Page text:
December 28, 2015
Chandannagar, a former French colony, sits on a moon crest bend of the Hooghly, a distributary of the Ganga River in West Bengal. The town’s sewerage treatment plant doubles up as a “wonderland park” where visitors come to picnic among the green foliage and quiet backdrop of the trickle filter, among waste pipes and sculptures of Hindu gods.
But the pleasant environment belies its larger shortcomings. The plant, set up under the government push to clean the Ganga, treats only 10% of the town’s sewerage. Most households aren’t connected to the sewerage system and so untreated raw effluents flow directly into the holy Ganga.
Just north of Kolkata, this is one of the most polluted stretches of the Ganga, but receives less attention than the iconic ghats of Varanasi and the toxic tanneries of Kanpur.
Over 7 billion litres of raw sewerage are dumped into the Ganga every day from hundreds of towns along the river and its tributaries, and almost half comes from West Bengal, says Kalyan Rudra, chairman of the West Bengal Pollution Control Board and a hydrologist who has been tracking the state of the river for many years.
The state contributes 48% of wastewater produced in the Ganga basin and only treats 42% of this – leaving 1,779 MLD (million litres a day) of untreated waste flowing from the 54 drains throughout the state.
In reality, the situation is even more dire: From the glaciers of the Himalayas the river flows over 2,500 kilometres through the plains of India into the Bay of Bengal, collecting the toxic waste from the half billion of people who rely on the river, to become one of the most polluted rivers in the world. The Central Pollution Control Board (CPCB) says only a tenth of the sewage produced along the main stream of the Ganges is treated at all.
“Untreated sewerage is the biggest problem,” said Rudra, speaking at a thethirdpole.net media study trip along the lower reaches of the Ganga from Kolkata. It accounts for about 85% of the pollution in the river. The rest comes from industrial heavy metals, pesticides from agriculture, solid waste, human bodies and animal carcasses.
At its worst in West Bengal, the river contains 160,000 faecal coliform bacteria per 100 ml, a clear sign of human excreta (the World Health Organisation puts the safe limit at 1,000 per 100 ml). The problem is more widespread. A July 2013 report from CPCB shows unacceptable levels of faecal coliform all along the Ganga, even in the relatively clean water of the Upper Ganga where Hindu pilgrims visit holy sites such as Rishikesh and Haridwar.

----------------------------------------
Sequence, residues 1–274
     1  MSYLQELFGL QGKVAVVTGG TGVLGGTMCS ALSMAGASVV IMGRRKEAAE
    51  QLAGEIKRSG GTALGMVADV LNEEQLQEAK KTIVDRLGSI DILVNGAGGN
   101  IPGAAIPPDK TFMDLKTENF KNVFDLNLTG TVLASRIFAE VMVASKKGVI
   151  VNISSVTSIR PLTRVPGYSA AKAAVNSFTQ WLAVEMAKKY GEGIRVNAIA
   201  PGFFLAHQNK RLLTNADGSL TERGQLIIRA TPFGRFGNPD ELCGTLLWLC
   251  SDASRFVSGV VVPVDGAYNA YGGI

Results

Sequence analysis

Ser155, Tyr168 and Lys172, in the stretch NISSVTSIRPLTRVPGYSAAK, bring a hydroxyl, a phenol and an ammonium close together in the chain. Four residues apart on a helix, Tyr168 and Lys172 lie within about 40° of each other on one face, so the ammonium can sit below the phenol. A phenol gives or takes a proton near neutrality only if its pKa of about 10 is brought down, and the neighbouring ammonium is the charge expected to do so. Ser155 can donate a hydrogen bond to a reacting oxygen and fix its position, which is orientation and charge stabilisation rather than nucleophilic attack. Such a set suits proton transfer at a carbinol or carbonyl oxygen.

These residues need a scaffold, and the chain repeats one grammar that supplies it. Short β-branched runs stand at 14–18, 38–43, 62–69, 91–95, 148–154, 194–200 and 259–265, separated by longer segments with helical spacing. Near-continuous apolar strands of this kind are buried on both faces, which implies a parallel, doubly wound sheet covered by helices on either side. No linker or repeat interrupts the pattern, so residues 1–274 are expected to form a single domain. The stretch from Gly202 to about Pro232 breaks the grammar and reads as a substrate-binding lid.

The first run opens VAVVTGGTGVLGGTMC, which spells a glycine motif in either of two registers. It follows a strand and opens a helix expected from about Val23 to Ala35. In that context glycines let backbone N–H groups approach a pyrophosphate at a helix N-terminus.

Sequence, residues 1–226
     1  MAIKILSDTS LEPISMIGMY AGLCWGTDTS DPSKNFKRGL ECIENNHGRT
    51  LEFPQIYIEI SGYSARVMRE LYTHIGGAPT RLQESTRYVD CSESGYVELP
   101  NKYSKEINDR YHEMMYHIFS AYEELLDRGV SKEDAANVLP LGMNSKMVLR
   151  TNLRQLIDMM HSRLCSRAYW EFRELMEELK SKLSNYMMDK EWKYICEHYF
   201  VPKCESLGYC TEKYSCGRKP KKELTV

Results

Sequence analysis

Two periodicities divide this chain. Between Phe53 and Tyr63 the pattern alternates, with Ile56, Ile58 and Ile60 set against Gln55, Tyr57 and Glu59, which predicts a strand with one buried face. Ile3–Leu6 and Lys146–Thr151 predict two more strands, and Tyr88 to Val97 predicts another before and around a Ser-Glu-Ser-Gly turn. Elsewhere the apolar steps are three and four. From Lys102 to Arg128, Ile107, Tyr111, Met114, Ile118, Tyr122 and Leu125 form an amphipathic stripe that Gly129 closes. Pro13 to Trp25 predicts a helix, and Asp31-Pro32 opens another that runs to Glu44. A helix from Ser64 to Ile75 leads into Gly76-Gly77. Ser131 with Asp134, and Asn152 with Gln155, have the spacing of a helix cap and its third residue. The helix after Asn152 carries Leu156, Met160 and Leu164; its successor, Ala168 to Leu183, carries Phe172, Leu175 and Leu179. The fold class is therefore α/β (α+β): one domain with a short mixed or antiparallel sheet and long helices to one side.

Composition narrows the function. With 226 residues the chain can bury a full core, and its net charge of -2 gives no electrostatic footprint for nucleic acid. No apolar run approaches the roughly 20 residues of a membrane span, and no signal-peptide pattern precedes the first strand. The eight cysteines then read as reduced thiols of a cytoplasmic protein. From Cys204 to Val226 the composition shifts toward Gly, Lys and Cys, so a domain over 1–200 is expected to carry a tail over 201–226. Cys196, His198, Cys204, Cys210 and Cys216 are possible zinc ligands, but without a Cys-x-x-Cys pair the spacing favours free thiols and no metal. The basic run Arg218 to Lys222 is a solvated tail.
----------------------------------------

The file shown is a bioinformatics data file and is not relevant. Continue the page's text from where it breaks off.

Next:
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In West Bengal alone, Rudra estimates building the necessary sewerage plants would require an extra INR 13,467 crore (USD 2 billion) and another INR 100 crore (USD 15 million) a year for repairs – money the state does not have. In the past, the central government funded all the costs of setting up and running effluent treatment plants along the Ganga. Now, under the National Mission for Clean Ganga, it has decided the cash strapped state governments will have to take over.
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West Bengal has closed down 95 heavily polluting industries – along with the 94 shut down in Uttar Pradesh – but that has made little difference. Travelling up the Bhagirathi-Hooghly from Kolkata, a series of illegal cottage industries amid banana plantations, dirty brick kilns and coal-fired power stations can be seen pumping out waste into the river. Sand miners shovel away large chunks from both banks and pump it up from the riverbed, while officials bicker over how much of their activities are legal or illegal, who is supposed to lay down the law, who should implement it.
The history of cleaning up India’s largest and holiest river is littered with failure. Three decades of government action plans and billions of dollars of investment later, the Ganga is getting dirtier.
The first concerted attempt to clean the Ganges began in 1986, when Prime Minister Rajiv Gandhi launched the initial phase of the Ganga Action Plan with the aim of making the river pollution free. The plan was to divert all drains spewing wastewater into the river to sewerage treatment plants, treat and then reuse the water. The first phase focused on stretches of the main river, the second phase extended its reach to the tributaries including the Yamuna that flows through Delhi. A revamped plan in 2009 sought to embrace the entire river system.